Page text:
holding glass water
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H2O

Whatever else is in your water, the essential ingredient is H20, a compound that makes up as much as 75% of your body weight, depending on your age. It breaks down nutrients into forms your body can use and carries them where they’re needed. It also helps keep the right balance of water and salt in your body and even acts as a kind of shock absorber that protects your tissues and bones. 

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shower head
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More Than Water in There

You may not think much about it when you take a shower or turn on the tap for a drink, but more than 2 billion people worldwide drink water that has pesticides, sewage, lead, mercury, hazardous waste, and other dangers in it. The Environmental Protection Agency (EPA) sets the sets the standards for what’s in tap water in the U.S.

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old well
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Well Water

If you get yours from a well instead of a local water treatment facility, you should test for pesticides, organic chemicals, and heavy metals before you use it for the first time. Then test for fertilizer chemicals and certain kinds of bacteria every year. Some health issues, like headaches, diarrhea, and fatigue, can be signs of a problem. If you need guidance, the EPA website has more information.

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test tube
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Fluoride

About two-thirds of the public water in the U.S. has fluoride added to it. This mineral protects your teeth from decay. Typical levels are less than 1 part per million, and that’s considered safe by the CDC, which calls it one of the greatest public health achievements of the 20th century. The CDC website has information about the levels in specific areas.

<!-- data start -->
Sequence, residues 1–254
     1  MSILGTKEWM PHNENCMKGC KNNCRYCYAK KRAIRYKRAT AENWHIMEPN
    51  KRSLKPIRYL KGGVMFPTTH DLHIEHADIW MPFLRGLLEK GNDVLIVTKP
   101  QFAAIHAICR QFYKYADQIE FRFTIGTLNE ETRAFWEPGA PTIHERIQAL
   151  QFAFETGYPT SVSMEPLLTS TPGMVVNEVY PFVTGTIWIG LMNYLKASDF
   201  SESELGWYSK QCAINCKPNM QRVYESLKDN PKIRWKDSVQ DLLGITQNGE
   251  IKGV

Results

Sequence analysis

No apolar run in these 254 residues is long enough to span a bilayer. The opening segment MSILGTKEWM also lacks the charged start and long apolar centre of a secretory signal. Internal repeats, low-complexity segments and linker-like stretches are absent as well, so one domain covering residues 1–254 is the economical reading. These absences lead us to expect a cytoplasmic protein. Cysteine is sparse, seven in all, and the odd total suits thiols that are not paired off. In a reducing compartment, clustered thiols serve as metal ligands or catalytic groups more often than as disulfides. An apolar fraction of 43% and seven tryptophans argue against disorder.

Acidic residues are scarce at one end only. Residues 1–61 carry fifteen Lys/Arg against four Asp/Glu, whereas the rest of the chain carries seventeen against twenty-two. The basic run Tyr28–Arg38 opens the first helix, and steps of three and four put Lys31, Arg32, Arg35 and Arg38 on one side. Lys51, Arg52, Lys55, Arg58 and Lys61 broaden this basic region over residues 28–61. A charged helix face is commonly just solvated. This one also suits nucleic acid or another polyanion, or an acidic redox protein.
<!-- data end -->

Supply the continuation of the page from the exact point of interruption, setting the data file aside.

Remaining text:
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salt heap
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Sodium

Good old salt: It’s even in the water you drink. A little is fine, but you get plenty of it from food. If you have health issues related to salt -- high blood pressure or diabetes, for example -- check your water’s sodium levels (both tap and bottled).

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arsenic chart
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Arsenic

You may have heard bad things about this, but it’s a natural chemical, and some sources of water, like wells, can have low levels of it. Your local water provider should control the amount in yours, but if you get your water from a well or some other natural source, it’s a good idea to test it. In high levels, it’s been linked to heart disease, diabetes, cancer, and lower brain performance in children.

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rusty pipe flange
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Lead

Your local water provider may not catch this one because it often comes from old pipes in your home or your neighborhood. The lead gets into your water right before it comes out of your tap. Home filtering systems can take it out of your tap water, but it’s important to test your levels and change the filter regularly -- lead is linked to serious health problems in children and adults.

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water testing kit
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Chlorine

It’s used to kill germs in public water systems. Other chemicals are sometimes used as well, but chlorine is the most common. It’s considered safe in low levels, but you may notice a slight smell or taste.

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water filtration system